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How To Keep Customers And Employees Safe From Airborne Diseases

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When news that confirmed COVID-19 being airborne broke out, everyone understandably got more cautious. By that time, it’d been almost a year since initial evidence suggested that the virus could spread within one meter of an infected person. More people have either fallen ill or succumbed to the disease over that timeframe.

As the United States and most parts of the world slowly regain some normalcy, various industries aren’t leaving anything to chance. Offices and stores will be reopening, and adequate ventilation—reorienting vents, installing high-efficiency filtration systems—and adopting new workplace safety protocols can’t be stressed enough. In other words, the new status quo demands rethinking the way air flows within a building.

While such changes are no substitute for health protocols (i.e., physical distancing, wearing face masks, etc.), an efficient ventilation system can contribute to a safer workplace. With that said, in this post, you’ll get to know some ways offices and stores can safeguard the well-being of their customers and employees.

Displacement ventilation

Proper building ventilation warrants deriving more air from outdoors. While the downside is an increase in energy consumption, this system will expel airborne pathogens and other particulates more often. You might have to shell out few extra dollars in utility costs, but that’s a small price to pay for keeping everyone safe. (1)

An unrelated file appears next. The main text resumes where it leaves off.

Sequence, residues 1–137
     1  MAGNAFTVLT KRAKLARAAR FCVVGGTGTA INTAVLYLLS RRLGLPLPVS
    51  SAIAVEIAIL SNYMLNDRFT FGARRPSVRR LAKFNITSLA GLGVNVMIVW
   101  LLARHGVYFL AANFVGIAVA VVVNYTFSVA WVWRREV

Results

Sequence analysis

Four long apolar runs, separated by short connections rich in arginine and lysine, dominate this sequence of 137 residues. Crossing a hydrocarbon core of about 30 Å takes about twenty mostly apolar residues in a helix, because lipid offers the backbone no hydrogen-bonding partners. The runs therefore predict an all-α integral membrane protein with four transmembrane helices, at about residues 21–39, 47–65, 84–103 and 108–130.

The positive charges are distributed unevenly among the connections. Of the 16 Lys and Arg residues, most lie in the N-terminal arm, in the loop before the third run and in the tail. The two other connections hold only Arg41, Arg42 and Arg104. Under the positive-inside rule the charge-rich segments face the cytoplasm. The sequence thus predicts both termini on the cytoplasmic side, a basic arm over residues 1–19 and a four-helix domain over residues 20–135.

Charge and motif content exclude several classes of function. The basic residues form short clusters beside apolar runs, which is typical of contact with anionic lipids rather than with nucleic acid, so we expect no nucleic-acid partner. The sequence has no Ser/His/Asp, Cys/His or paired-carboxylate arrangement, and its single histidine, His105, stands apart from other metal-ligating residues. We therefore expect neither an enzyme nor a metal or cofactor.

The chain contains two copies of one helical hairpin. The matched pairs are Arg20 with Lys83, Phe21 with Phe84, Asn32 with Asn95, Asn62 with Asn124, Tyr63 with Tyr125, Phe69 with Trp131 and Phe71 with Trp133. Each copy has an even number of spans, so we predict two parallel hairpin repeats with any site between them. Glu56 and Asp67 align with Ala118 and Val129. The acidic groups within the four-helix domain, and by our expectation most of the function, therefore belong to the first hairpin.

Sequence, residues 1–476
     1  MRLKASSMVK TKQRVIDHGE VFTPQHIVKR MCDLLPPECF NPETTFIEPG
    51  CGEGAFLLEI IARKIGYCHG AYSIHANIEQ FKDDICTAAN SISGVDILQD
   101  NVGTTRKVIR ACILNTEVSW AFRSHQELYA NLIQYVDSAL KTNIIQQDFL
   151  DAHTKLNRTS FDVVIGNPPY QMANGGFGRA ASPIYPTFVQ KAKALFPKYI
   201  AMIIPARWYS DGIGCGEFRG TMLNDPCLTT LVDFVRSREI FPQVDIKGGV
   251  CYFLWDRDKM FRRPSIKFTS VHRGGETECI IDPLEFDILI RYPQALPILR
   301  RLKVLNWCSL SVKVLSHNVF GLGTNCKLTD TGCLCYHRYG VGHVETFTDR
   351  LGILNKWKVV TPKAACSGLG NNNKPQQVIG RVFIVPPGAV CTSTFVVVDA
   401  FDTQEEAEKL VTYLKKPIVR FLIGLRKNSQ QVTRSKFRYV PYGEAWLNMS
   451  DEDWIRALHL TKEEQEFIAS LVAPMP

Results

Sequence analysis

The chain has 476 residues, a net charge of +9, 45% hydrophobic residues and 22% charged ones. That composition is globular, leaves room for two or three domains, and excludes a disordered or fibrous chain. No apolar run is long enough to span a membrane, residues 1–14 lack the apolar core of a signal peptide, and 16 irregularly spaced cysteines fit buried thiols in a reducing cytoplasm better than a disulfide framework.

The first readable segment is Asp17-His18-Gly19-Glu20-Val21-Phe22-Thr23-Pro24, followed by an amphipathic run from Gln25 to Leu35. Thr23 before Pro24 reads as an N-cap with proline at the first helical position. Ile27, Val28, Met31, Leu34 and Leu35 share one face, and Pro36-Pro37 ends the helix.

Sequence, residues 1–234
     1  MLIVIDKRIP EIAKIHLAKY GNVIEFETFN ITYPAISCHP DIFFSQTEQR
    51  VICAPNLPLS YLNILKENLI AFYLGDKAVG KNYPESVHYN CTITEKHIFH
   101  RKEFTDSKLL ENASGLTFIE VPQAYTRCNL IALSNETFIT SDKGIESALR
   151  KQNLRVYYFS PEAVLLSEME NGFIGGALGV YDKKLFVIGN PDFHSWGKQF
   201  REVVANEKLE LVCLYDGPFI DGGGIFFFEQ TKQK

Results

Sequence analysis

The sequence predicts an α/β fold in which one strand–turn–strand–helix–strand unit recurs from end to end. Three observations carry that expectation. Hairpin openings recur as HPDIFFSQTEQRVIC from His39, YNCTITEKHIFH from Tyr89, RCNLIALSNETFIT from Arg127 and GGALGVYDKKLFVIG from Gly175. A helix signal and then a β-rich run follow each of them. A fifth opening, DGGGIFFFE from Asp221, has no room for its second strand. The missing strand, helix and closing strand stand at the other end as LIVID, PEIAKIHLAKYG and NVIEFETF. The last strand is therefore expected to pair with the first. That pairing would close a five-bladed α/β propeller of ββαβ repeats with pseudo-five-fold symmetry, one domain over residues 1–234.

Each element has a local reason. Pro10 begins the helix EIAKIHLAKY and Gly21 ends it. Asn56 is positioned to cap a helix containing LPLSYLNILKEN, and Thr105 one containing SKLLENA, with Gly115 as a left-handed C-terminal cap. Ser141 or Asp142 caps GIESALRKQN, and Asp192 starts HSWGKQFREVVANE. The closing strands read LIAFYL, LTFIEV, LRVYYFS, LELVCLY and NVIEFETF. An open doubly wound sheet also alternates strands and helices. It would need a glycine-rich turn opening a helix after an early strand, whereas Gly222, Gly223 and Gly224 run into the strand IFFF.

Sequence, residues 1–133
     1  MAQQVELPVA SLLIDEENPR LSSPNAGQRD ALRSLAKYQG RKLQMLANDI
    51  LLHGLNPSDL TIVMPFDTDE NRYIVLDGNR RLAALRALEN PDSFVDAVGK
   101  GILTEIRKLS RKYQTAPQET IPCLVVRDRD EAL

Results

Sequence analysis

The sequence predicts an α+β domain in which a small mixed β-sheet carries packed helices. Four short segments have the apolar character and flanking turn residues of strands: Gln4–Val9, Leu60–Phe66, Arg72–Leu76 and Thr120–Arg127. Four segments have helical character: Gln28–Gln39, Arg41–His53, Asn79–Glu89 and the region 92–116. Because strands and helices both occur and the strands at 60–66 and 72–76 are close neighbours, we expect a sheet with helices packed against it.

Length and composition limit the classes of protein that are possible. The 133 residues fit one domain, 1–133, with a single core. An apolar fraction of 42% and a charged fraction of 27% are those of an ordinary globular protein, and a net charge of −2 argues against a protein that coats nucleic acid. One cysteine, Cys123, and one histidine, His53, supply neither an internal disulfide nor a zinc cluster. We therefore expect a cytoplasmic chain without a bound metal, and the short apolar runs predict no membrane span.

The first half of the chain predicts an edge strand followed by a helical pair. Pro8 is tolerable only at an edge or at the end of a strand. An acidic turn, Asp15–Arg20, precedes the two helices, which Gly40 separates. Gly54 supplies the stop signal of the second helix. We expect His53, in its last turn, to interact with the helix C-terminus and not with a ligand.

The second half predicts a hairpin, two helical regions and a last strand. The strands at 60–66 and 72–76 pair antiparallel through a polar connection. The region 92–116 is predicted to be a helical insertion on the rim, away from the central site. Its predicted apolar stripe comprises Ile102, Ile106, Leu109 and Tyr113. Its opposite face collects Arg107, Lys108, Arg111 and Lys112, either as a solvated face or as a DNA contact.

If a higher energy bill is out of the question, consider refitting the facility with a displacement ventilation (DV) system. First implemented in Northern Europe, DV relies on fluid dynamics—namely, how cold and warm air move. (2)

Cold air enters the room through vents placed close to the floor, where it gets heated and rises to the ceiling. The warm air then exits the building through vents in the ceiling. Unlike traditional ventilation systems, DV only requires less velocity in taking outdoor air in, meaning the fans can run more slowly and for a more extended period. (2)

However, DV works best under the following conditions:

  • Contaminants are light enough to move with the rising warm air
  • Incoming outdoor air is much cooler than the air inside the room
  • Minimal disturbance to the room’s airflow
  • The minimum advisable ceiling height is nine feet
  • Noise should be as low as possible (2)

Layered approach

Since COVID-19 made landfall in the United States, the Centers for Disease Control and Prevention (CDC) have introduced guidelines in minimizing its spread. While most of these are related to personal hygiene, there are also guidelines on proper ventilation.

The CDC COVID ventilation requirements include taking a layered approach to reduce the risk of spreading the virus. Aside from increasing outdoor air intake, the requirements justify adding new exhaust fans, repositioning existing exhaust fans closer to windows, and installing air filters in high-risk areas.